Lothian has worst figures on delayed discharge

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Older people’s health is being seriously harmed by the Scottish Government’s failure to “get a grip” on delayed discharges, Age Scotland claimed as latest figures showed NHS Lothian has the worst problem.

The charity called for urgent investment in health and care along with recruitment Lothian had the biggest number of bed days lost from delayed discharge at 8145.

Delayed discharge cost NHS Lothian 8145 bed days in July.

Delayed discharge cost NHS Lothian 8145 bed days in July.

Age Scotland said the national total of 45,396 cost taxpayers around £10.6 million.

Chief executive Brian Sloan said: “Despite repeated promises to tackle delayed discharges, the problem is only getting worse. The latest eye-watering figures show that the Scottish Government is clearly not getting a grip on this issue.

“It’s heart-breaking to think of older people stuck in hospital beds, at risk of mobility loss, infection, and loneliness, because of a lack of care in their communities.”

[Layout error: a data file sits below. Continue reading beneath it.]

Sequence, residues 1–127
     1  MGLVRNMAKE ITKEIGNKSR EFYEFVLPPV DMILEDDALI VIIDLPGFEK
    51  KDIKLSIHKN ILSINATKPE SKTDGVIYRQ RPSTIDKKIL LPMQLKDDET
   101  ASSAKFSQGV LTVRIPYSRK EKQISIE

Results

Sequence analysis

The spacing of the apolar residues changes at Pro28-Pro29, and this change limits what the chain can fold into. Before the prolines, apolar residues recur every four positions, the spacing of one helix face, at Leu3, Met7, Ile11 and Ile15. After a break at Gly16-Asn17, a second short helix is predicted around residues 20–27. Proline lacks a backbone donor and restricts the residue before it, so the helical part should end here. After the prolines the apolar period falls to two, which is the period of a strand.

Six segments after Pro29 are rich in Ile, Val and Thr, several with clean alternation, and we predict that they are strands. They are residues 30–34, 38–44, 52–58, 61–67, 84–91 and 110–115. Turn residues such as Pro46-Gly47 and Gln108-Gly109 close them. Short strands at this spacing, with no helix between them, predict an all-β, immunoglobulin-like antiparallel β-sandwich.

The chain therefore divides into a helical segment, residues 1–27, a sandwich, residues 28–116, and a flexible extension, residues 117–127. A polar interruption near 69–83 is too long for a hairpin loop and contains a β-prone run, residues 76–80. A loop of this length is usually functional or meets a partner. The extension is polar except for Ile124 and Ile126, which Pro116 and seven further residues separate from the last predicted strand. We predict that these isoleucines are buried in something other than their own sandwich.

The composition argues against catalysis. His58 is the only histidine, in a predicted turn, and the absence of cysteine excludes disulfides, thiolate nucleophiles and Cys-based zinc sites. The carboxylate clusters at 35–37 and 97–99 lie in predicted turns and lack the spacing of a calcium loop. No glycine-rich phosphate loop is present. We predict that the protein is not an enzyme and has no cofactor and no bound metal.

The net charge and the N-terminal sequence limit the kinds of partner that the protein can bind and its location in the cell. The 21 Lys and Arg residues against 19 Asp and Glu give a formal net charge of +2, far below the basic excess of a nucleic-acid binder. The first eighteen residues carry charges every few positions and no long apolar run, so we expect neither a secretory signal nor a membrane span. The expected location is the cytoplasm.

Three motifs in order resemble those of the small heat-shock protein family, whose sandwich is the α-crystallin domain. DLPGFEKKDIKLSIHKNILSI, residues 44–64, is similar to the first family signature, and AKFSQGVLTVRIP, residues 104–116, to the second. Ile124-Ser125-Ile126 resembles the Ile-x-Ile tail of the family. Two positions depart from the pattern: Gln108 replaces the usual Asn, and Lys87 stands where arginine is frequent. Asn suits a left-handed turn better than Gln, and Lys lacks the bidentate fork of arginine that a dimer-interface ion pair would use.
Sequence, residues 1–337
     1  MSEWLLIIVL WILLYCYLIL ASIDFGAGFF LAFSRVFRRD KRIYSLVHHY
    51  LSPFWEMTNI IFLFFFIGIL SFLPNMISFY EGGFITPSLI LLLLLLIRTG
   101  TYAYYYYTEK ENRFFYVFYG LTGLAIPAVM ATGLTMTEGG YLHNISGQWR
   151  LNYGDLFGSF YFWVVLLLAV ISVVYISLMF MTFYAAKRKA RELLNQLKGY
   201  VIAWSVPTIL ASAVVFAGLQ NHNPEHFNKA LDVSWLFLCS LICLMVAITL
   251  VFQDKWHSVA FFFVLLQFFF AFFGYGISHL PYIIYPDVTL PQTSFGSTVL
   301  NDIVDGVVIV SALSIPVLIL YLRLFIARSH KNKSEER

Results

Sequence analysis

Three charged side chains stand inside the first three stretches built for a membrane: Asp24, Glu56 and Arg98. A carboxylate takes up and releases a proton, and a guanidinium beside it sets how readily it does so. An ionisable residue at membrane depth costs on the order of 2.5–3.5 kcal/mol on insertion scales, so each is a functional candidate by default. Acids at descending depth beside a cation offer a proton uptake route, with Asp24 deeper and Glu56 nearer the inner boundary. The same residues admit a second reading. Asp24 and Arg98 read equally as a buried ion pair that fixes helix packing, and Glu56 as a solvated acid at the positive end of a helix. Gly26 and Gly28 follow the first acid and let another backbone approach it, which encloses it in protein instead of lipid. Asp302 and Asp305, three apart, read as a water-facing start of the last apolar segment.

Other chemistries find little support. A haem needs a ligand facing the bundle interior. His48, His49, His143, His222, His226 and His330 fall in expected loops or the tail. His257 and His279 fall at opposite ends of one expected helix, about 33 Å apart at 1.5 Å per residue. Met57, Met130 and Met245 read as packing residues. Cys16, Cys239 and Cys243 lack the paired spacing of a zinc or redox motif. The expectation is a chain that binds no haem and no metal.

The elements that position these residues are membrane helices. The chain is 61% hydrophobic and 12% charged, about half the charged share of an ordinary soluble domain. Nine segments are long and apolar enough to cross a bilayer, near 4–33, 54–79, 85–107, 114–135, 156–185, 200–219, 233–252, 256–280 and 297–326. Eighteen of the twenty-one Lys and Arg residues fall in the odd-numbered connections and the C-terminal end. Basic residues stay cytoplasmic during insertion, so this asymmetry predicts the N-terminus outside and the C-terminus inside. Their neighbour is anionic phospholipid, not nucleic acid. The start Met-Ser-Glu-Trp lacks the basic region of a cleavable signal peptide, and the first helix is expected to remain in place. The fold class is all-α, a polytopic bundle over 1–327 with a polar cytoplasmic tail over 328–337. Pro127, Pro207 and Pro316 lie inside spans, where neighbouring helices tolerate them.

READ MORE: Bed-blocking crisis hits Edinburgh's Western General critical care unit

Edinburgh Western Lib Dem Alex Cole-Hamilton called for major investment in social care to “get well people out of hospital beds”.

He said: “The scandal in all this is that social care is actually quite cheap. It can cost over £500 a day to keep someone in hospital but social care costs just a fraction of that. It points to a dramatic waste of public money.”

Lothian Tory MSP Miles Briggs said: “There are far too many patients stuck in a hospital bed across Lothian because there is nowhere for them to go in the community”.

READ MORE: Rise in bed-blocking costs NHS Lothian £3.6 million, says Tory health spokesman

Edinburgh Joint Integration Board, which is responsible for social care, said the number of people delayed in leaving and bed days lost had been brought down over the past year.

A Scottish Government spokesman said no-one should have to spend unnecessary time in hospital once treatment was complete.

“That is why we are allocating more than £700 million to support social care and integration in 2019/20, helping to reduce delays in the system. We are continuing to work closely with health and social care partnerships that are facing the most significant challenges to ensure sustainable progress is achieved.”